The sentence "Rose is a rose is a rose is a rose" was written by Gertrude Stein as part of the 1913 poem Sacred Emily, which appeared in the 1922 book Geography and Plays. In that poem, the first "Rose" is the name of a woman. Stein later used variations on the phrase in other writings, and "A rose is a rose is rose" is probably her most famous quote, often interpreted as "things are what they are." In Stein's view, the sentence expresses the fact that simply using the name of a thing already invokes the imagery and emotions associated with it.
QUOTE: "A rose by any other name would smell as sweet."
MEANING: What matters is what something is, not what it is called.
ORIGIN: From Shakespeare's Romeo and Juliet, 1594:
'Tis but thy name that is my enemy;
Thou art thyself, though not a Montague.
What's Montague? it is nor hand, nor foot,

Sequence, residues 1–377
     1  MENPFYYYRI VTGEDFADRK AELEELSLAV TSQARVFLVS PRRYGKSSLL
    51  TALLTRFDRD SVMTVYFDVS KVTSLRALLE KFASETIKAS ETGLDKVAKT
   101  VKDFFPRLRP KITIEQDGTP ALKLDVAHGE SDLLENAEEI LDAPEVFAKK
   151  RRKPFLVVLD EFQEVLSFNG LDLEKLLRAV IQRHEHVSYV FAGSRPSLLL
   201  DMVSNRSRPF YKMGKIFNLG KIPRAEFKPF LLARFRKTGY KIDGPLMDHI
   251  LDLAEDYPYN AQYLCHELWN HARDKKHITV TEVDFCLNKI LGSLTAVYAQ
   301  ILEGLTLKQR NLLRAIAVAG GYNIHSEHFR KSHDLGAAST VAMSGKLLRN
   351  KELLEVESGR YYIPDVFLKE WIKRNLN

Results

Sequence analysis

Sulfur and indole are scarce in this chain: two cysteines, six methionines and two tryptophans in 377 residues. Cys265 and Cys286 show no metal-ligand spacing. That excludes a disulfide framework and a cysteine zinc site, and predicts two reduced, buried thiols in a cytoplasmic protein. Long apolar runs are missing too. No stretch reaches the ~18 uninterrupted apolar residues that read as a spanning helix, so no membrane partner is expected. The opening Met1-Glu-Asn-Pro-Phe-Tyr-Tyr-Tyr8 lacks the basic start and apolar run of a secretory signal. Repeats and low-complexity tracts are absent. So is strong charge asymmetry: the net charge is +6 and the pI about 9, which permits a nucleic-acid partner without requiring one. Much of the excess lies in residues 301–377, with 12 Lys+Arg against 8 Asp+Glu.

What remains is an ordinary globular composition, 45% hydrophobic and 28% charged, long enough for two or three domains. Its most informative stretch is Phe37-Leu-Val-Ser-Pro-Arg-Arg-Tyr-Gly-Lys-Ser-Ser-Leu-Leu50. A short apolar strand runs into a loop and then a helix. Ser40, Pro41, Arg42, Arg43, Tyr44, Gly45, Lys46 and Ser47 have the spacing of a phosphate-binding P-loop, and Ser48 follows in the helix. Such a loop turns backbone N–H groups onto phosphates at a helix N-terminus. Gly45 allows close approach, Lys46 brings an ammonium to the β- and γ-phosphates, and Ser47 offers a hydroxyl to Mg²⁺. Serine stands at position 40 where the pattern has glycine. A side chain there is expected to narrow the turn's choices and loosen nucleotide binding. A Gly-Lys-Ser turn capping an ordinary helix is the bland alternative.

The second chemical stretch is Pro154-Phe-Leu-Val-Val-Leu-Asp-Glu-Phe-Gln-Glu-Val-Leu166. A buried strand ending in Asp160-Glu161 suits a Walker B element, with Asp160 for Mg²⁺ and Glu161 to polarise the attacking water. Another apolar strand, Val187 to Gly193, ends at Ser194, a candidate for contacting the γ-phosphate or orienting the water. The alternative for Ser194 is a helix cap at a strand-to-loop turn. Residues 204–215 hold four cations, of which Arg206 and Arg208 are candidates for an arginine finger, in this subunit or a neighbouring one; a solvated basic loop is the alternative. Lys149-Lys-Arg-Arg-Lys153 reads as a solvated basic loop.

Nor arm, nor face, nor any other part
Belonging to a man. O, be some other name!
What's in a name? that which we call a rose
By any other name would smell as sweet;
So Romeo would, were he not Romeo call'd,
Retain that dear perfection which he owes
Without that title. Romeo, doff thy name,
And for that name which is no part of thee
Take all myself...
Which leads me to this scrawny, scraggly rosebush. I have nurtured this plant all summer, and here in the High Desert, that means lots of water. There were many mornings when I thought about digging it up because the leaves were dying and falling off. But I didn't. For the last several days I've not taken the time to go look at the last few roses of the season which have been frost bitten and look worse than sad.
So, you can imagine my surprise this morning when I saw this...
Oh, I know you're thinking, "THAT rose is NOT growing on THAT rosebush."
Oh, but it is.
There has to be a moral to this story. Anyone have any ideas?